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Tullow tanks on ‘heavy oil’ shock

High-sulphur content of recent discovery triggers second output estimate cut in four months

There are few equity sectors more volatile right now than mid-cap oil shares, as Wednesday’s seismic drop by Tullow shows. Shares in the £2.1bn FTSE 250 firm fell as much as 27% after it announced a reassessment of the viability of recent discoveries in South America. Hopes about the two prospects in Guyana had been high, amid uncertainty on existing ventures. But crude from the discoveries was found to be ‘heavy’, meaning it has a high sulphur content. That makes it more difficult to refine, extract and transport, raising costs and lowering profits. The latest issues come on top of technical difficulties Tullow encountered with projects in Ghana, Uganda and Kenya. Some investors have complained that the group has provided few details about the quality of heavy oil in Guyana, fuelling concerns over the value of its assets there.

The group also slashed 2019 output forecasts by about 6.5% on Wednesday, due to African difficulties, now expecting to produce 87,000 barrels a day, on average, versus 93,000/bbl. day previously. It’s the second production estimate cut in four months.

Tullow’s latest challenges add to a stream of upsets stemming from the 2014-2016 oil price collapse which the stock has not fully recovered from. The group remains saddled with debt, for one thing. Its leverage is a punishing 3 times the level of underlying earnings generated over the last twelve months. The average for an oil firm of Tullow’s size is about 1.1 times. With fresh production snags also now weighing on free cash flow expectations, it remains difficult to envisage the shares making sustainable upside progress in the near term.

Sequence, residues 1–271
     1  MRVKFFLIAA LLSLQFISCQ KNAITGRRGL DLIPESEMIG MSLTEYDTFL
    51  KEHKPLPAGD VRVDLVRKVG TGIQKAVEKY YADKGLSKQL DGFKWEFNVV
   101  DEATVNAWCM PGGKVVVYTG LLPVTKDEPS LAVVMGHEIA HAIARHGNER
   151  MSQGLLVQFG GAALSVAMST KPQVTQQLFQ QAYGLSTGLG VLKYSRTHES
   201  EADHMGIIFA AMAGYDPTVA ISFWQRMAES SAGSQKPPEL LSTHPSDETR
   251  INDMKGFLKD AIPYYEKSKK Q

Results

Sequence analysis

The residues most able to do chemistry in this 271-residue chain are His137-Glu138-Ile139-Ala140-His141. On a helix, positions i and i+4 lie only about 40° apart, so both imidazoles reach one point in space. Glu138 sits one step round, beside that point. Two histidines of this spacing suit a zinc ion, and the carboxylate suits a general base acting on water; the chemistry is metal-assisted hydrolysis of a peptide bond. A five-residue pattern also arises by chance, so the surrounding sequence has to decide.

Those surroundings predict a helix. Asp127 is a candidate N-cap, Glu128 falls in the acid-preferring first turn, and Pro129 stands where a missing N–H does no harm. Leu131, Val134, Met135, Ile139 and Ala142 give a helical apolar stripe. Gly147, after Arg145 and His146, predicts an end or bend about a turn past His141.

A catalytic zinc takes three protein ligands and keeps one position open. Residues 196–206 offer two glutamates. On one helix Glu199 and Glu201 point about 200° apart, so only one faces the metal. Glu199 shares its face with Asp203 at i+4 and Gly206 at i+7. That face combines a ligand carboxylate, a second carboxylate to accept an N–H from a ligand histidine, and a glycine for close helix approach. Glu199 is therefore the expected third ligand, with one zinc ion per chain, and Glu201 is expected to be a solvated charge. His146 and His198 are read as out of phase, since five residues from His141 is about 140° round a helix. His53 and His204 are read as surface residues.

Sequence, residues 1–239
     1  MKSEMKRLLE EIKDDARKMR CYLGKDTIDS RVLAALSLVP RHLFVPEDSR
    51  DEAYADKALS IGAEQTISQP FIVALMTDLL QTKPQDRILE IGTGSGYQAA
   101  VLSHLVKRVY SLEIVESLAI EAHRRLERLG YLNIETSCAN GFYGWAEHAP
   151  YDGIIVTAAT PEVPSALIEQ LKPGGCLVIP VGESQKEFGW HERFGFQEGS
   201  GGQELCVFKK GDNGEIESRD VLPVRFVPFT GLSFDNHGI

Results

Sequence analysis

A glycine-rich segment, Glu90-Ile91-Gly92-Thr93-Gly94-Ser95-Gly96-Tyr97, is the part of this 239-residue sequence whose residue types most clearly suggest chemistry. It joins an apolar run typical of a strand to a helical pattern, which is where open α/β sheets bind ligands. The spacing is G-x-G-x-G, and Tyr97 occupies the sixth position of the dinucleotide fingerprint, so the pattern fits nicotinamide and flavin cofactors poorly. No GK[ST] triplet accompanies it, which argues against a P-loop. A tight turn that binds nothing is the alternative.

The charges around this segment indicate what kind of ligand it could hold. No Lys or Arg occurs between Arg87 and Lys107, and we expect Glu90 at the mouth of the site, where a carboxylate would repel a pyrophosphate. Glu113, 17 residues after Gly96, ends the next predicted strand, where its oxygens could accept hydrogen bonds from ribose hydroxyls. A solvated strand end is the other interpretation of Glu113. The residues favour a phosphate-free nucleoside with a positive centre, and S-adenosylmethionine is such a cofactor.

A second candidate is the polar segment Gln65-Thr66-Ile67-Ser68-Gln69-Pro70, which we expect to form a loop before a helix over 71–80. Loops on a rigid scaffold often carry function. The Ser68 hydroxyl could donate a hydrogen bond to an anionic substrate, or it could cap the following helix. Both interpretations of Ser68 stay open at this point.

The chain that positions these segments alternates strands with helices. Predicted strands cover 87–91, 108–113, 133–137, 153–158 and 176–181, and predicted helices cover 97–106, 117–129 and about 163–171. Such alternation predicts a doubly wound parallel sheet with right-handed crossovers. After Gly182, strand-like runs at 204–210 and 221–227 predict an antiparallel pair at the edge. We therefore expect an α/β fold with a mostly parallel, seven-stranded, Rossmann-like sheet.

Chart points

From an all-time peak of about 1550p in 2012, Tullow reached a rock-bottom of 116p in January 2016. The best the shares have managed since then was a cycle high of 351p in January 2017. Steady progress within that range since then has been  dealt a blow by the share’s most searing drop since October 1998. Even on the simple weekly chart below we can see that the stock managed to stop short of its 142p low, notched during the week beginning 18th June 2017. That price was the ‘kickback’ point from which a clear uptrend (now superseded) was launched. We can therefore assume some measure of support would be evident if the stock gets there again. Given that the weekly RSI momentum gauge is slumping though not yet oversold, it’s not a punchy call to see a new 2½-year low in coming sessions. And If 142p does give way, the next logical low to watch would be 116p. Still, sellers ought to remember that nearby floors as well as the range spanning roughly 116p-155p, constitute implied support.

Tullow Oil Plc. DFT – Weekly

Source: FOREX.com


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